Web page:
During this trip, Daryl concentrated most of his efforts on getting the water system set up. It was such a rewarding scene when water was pumped for the first time out of Lake Victoria to the four different sites -- the school, the church, the medical center and the village.

At the church, there was a gathering of 25-30 women who burst into song, singing "Joy, joy, Living Waters, God is so good to us!" What a sight! What a feeling of accomplishment after two years of planning, fund-raising, digging trenches, solving problems. And what an outpouring of happiness and gratefulness by the villagers! By the time we were ready to leave, water was flowing.

There is still much more work to be done. The water needs to be purified, food provided for the most desperate women and children, medical attention, houses fixed or built, education for the children and adults to name only the most crucial. The need is so overwhelming, but it is not impossible. It can be done. Help is arriving for the people thanks to all the support given to Living Waters and the hard work of Mary Jo and Daryl. They have given so much of themselves and have risked their own health and material well being to bring hope to such a desperate place. How can we allow others to suffer when we can do something to help?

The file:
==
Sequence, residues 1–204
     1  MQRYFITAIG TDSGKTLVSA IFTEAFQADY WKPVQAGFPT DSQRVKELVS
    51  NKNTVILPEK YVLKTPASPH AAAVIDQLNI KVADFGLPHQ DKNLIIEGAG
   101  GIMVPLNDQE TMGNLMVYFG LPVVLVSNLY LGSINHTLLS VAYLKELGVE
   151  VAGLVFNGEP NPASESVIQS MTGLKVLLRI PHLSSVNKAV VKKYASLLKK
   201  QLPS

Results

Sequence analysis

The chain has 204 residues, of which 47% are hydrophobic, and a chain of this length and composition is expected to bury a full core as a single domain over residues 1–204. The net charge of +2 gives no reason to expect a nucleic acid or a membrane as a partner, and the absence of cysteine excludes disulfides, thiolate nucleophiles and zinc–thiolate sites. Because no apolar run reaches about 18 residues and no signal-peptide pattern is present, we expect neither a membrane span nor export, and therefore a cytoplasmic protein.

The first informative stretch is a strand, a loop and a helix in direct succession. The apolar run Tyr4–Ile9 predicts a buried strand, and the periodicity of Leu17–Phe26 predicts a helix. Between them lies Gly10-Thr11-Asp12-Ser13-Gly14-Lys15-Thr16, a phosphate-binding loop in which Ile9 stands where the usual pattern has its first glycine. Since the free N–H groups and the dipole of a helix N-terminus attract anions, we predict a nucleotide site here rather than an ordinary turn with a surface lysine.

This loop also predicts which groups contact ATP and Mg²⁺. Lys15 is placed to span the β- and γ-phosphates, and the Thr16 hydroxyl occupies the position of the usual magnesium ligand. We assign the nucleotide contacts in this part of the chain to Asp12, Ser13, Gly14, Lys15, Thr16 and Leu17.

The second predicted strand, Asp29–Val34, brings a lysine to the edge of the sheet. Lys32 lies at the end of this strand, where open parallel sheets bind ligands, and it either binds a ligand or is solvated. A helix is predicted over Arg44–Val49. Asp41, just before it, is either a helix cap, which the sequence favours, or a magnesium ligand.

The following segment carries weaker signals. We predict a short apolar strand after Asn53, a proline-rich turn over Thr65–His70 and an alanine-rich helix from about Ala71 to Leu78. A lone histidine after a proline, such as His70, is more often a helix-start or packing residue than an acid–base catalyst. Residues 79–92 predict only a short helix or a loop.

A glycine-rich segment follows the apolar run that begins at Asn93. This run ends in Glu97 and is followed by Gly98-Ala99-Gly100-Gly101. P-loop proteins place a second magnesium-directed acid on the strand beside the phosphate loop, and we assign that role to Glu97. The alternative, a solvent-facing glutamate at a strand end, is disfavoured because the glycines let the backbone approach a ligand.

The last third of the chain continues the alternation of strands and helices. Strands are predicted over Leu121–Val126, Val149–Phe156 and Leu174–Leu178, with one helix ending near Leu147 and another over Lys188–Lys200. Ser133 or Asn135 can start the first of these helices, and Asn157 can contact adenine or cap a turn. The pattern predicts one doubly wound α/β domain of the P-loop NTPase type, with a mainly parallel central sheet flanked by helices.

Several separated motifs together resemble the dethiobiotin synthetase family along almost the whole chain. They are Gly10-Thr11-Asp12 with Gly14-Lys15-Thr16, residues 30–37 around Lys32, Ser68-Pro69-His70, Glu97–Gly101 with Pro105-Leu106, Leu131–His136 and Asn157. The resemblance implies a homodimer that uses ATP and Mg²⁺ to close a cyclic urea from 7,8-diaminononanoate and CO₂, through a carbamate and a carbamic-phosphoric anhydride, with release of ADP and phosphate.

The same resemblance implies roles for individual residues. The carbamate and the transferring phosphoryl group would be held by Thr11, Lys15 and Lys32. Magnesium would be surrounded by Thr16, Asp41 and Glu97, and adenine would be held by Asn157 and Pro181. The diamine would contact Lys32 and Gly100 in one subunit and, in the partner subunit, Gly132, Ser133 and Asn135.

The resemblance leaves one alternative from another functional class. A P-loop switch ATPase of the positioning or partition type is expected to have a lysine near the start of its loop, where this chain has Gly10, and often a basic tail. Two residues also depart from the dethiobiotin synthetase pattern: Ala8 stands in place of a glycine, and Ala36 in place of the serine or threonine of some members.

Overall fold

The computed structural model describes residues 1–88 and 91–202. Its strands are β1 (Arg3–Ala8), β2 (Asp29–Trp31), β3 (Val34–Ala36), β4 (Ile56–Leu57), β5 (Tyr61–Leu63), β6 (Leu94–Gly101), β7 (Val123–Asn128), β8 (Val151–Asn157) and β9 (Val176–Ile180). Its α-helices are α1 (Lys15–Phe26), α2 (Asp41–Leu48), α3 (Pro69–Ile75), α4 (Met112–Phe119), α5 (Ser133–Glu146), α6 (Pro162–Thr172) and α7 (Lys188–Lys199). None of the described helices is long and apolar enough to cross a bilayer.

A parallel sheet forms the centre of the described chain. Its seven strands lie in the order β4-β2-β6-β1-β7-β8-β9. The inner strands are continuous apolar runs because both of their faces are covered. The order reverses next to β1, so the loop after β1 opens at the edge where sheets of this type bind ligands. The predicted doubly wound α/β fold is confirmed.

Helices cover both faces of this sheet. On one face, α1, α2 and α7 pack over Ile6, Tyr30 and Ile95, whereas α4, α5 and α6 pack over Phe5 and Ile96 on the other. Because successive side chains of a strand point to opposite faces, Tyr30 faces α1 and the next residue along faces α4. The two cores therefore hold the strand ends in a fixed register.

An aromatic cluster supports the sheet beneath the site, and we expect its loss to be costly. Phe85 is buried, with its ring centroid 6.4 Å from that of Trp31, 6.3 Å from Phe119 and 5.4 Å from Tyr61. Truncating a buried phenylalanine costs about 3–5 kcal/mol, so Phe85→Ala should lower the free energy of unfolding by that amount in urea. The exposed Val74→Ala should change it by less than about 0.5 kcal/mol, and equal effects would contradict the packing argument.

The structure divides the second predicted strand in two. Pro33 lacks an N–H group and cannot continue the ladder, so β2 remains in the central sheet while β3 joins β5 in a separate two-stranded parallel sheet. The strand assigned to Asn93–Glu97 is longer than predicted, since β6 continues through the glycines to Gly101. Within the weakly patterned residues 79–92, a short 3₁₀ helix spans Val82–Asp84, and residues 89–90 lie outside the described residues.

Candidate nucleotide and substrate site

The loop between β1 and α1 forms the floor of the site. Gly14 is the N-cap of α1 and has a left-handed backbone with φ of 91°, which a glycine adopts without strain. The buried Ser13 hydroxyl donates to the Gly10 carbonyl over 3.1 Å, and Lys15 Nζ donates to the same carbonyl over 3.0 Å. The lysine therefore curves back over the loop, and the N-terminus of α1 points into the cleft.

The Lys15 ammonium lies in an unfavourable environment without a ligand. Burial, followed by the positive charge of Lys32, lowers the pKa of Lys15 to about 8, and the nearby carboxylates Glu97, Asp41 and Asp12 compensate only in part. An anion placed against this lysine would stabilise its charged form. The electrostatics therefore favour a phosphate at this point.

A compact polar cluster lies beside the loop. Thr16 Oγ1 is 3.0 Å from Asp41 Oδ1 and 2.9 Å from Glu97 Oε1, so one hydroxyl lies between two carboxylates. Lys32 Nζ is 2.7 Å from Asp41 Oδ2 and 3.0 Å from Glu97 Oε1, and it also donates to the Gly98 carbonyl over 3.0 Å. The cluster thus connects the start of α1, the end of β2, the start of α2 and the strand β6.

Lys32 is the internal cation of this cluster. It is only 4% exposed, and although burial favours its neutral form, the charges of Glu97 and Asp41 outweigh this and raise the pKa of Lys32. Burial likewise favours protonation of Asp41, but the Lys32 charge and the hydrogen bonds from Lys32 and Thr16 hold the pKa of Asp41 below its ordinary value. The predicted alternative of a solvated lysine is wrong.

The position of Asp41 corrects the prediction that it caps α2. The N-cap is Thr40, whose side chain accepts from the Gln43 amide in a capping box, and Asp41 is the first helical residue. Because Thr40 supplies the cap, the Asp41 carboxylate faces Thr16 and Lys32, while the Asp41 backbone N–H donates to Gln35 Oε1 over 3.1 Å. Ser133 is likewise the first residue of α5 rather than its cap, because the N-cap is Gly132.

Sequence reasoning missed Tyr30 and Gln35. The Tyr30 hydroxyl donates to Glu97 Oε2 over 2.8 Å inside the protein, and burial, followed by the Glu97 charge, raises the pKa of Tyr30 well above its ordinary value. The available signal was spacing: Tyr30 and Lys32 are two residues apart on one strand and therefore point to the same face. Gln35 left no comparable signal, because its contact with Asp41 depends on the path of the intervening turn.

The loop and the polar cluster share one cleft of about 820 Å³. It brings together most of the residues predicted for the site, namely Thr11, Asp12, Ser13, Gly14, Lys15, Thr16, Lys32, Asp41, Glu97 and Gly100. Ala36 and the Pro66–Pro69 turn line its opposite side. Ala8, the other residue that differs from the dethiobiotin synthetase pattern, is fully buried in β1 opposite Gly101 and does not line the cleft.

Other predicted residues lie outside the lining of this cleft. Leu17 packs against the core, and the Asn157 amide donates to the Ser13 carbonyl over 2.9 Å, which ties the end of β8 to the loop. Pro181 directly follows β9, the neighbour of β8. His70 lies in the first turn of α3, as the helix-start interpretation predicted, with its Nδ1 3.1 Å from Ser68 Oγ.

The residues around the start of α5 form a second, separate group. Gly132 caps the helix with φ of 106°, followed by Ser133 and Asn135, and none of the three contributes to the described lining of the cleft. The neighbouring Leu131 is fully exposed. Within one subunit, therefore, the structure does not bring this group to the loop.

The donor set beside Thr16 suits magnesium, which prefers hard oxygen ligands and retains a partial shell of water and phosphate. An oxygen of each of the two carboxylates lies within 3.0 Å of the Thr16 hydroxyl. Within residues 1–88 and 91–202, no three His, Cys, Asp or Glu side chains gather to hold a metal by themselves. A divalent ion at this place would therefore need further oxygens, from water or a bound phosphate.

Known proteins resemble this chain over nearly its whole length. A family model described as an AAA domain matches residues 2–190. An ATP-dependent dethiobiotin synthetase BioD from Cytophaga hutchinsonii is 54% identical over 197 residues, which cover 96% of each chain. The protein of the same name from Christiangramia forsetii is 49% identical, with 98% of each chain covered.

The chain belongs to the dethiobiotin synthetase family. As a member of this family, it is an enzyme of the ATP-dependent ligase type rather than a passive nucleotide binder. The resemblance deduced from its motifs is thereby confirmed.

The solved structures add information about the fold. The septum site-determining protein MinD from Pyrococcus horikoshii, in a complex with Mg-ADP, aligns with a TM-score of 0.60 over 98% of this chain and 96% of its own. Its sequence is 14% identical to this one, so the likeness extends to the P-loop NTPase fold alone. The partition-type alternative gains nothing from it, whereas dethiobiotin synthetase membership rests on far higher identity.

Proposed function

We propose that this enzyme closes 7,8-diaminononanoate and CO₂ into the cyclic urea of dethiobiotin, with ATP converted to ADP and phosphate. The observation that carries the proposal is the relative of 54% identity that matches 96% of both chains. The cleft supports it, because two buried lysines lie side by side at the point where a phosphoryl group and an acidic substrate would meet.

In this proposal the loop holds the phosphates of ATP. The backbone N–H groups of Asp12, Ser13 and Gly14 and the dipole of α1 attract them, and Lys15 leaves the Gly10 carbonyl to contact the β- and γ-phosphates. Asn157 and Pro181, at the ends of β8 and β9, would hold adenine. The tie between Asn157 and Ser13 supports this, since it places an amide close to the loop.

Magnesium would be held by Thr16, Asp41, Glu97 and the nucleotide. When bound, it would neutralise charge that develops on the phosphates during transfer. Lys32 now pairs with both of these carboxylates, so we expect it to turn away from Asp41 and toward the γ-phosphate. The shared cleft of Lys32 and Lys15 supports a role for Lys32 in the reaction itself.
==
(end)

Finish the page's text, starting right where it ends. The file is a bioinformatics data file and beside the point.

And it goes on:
I heard it said that going to Africa would change my life. It has. I will not forget what I saw, the people I met, the poignancy of life and death halfway around the world. I will never take for granted the life of abundance I have compared to the harsh reality of most of Africa. I will never see such beauty -- in the people and country -- as Africa holds as well. I thought I would never go again to Africa after this "once in a lifetime" trip -- but God willing, I will return.

Sandra Thompson-Lambert

What is next in store for Kaswanga? Living Waters is in the process of building a feeding center for the orphans and very old widows. Once completed, our goal is to provide two meals a day daily to all 200 children and approximately 15 widows who are unable to care for themselves.

We would like to thank the warm hearts of those in Payson who have helped support this project in Africa. One hundred percent of all contributions go directly to the Kaswanga project, as there is no administrative overhead.

As a thank you for community support we are presenting "Life on Rusinga." At this free community presentation, you will see pictures of how life is in Kaswanga, of the water implementation project, the vegetable gardens that are being grown by Living Waters and the feeding center that we hope to have operational next year. You will hear firsthand accounts of how people cope with life in Kaswanga, how warm and tender they are and how death lurks' at every doorstep.

The three of us will each provide you a unique perspective of "Life on Rusinga" at 7 p.m., Friday, Aug. 24 at The Meeting Place, 1107 S. Beeline, Suite 2. This is open to all the community, however, seating is limited.

For more information go to or call (928) 472-3388.